A few nights after the Accordion guy had been on the news, I’d passed a Polish cafe, noticing a woman putting up a poster for a live music night, staring Marysia Band. We had a brief chat, and she said I should come along Friday. The gig only seemed to be publicised in the Polish shops and cafe, and there was nothing on the internet, so I had no idea what to expect.
I live in Brighton, there are a lot of gigs here. I was beginning to wonder if I liked going to see live music anymore. Any night of the week you could see formulaic bands playing variations of the same music. The crowd would shuffle around; too busy looking cool or miserable to inspire any real excitement.
The following Friday night Marysia Band completely changed that for me. There were about 150 people there, all Polish, Czech or Slovak. It was akin to watching a lower league football crowd getting really behind their team whilst winning the FA cup at Wembley. Everyone sang and danced, no one was too self-conscious to show their support. The music was a mixture of Polish pop and folk songs. The band consisted of female vocals, acoustic guitar, violin, bass, flute and piano. The piano player has since left and been replace by accordion, giving them a more traditional folk sound. The climax of the evening was “Hej Sokoly” a traditional Polish/Ukrainian song, which was popularised by soldiers during the Polish Soviet war of 1919 – 21. It tells the story of a woman saying farewell to her lover for the final time as he leaves for battle. It’s a sad song, which starts slowly and builds to a crescendo, by which time the whole crowd were waving their arms and singing along. I’ve since made live recordings of this song, and you can barely hear the band, such is the enthusiasm of the crowd.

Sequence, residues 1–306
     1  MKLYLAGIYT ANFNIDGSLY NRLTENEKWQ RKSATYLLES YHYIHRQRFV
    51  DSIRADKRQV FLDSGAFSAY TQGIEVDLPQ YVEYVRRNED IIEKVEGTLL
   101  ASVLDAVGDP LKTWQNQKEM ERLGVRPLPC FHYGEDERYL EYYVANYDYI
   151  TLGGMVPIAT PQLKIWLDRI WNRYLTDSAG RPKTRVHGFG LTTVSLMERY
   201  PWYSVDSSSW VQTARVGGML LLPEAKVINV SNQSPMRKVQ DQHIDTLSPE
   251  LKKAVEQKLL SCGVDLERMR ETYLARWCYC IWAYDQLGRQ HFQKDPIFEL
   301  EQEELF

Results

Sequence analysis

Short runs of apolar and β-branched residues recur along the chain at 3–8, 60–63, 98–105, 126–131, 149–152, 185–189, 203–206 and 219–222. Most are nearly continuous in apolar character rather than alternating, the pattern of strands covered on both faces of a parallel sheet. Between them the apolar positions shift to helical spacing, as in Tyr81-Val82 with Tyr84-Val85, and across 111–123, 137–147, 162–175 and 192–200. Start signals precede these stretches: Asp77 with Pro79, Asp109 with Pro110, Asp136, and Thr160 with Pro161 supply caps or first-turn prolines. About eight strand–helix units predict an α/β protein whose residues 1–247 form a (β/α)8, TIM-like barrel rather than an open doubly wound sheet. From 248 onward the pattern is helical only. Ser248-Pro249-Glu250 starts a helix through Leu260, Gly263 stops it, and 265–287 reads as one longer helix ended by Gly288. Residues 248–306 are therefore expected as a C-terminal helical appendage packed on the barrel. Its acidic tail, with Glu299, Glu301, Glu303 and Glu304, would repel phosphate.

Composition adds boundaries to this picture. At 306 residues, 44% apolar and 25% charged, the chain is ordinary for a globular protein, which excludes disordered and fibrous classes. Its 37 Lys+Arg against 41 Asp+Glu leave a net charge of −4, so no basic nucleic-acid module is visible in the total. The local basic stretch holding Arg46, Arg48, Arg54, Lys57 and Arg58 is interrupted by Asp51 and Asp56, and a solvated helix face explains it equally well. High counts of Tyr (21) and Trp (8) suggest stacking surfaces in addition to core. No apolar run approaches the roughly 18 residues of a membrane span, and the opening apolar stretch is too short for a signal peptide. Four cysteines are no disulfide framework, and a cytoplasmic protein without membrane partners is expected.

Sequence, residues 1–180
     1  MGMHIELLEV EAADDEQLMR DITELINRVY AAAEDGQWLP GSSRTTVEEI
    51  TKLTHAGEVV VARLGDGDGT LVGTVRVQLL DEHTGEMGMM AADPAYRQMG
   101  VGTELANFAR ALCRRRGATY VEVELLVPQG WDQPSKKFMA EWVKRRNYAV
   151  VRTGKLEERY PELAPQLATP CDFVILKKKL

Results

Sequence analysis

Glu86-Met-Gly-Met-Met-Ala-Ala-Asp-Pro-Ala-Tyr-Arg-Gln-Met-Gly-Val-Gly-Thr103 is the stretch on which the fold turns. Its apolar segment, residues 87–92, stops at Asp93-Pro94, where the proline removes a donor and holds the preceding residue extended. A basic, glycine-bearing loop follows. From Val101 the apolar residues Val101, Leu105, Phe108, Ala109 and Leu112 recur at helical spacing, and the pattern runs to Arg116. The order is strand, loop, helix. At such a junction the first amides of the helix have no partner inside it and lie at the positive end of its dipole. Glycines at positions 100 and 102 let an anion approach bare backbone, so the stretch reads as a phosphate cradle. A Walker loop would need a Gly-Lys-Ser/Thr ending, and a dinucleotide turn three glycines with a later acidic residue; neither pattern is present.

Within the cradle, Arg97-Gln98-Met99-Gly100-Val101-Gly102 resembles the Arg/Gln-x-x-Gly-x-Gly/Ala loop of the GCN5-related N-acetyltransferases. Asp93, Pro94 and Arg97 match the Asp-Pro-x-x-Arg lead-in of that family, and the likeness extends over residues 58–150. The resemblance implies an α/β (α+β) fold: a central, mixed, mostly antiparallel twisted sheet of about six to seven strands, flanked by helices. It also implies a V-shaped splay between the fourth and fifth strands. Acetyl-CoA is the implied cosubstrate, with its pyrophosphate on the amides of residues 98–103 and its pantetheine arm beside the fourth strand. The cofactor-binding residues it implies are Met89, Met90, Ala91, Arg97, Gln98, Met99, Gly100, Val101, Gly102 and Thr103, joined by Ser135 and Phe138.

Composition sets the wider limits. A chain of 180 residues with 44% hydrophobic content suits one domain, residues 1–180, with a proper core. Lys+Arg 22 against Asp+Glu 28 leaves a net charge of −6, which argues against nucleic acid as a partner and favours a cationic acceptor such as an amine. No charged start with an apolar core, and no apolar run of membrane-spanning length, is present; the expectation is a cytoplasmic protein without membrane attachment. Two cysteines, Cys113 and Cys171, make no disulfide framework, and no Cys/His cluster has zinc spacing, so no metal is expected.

The Marysia Band concert opened my eyes to something new. On our doorsteps in Brighton was a vibrant live band (and fans) which was totally different to anything I’d seen before. Although the lyrics were in a language I couldn’t understand, it didn’t matter, the melodies where catchy. The songs are meant to be a shared experience, sang together with friends in moments of celebration.
We made our first recordings with Marysia Band in January 2009.
There are a lot of East European Romani in London. My friend Dudek, who runs the Gypsy Stars estimates there are between 200 to 300 hundred Polish Roma families living in the capital.
There are Roma from several ex-Communist countries in the UK, but most of the people Dudek knows well come from Poland. Although when we’ve organised festivals there have been Roma from Poland, Hungary, Czech Republic, Slovakia, Russia and Romania. There are Roma communities from Eastern Europe in many UK towns and people have travelled from all over to some of the events we’ve held in London (from as far as Scotland and Northern Ireland). The incredible thing is, nearly all the promotion is word of mouth.
Dudek and his family have Polish passports, but don’t see themselves as Polish. Although they can speak Polish, their first language is Romani. There are many dialects, but the roots of their language are from northern India, where the Romani people originally came from.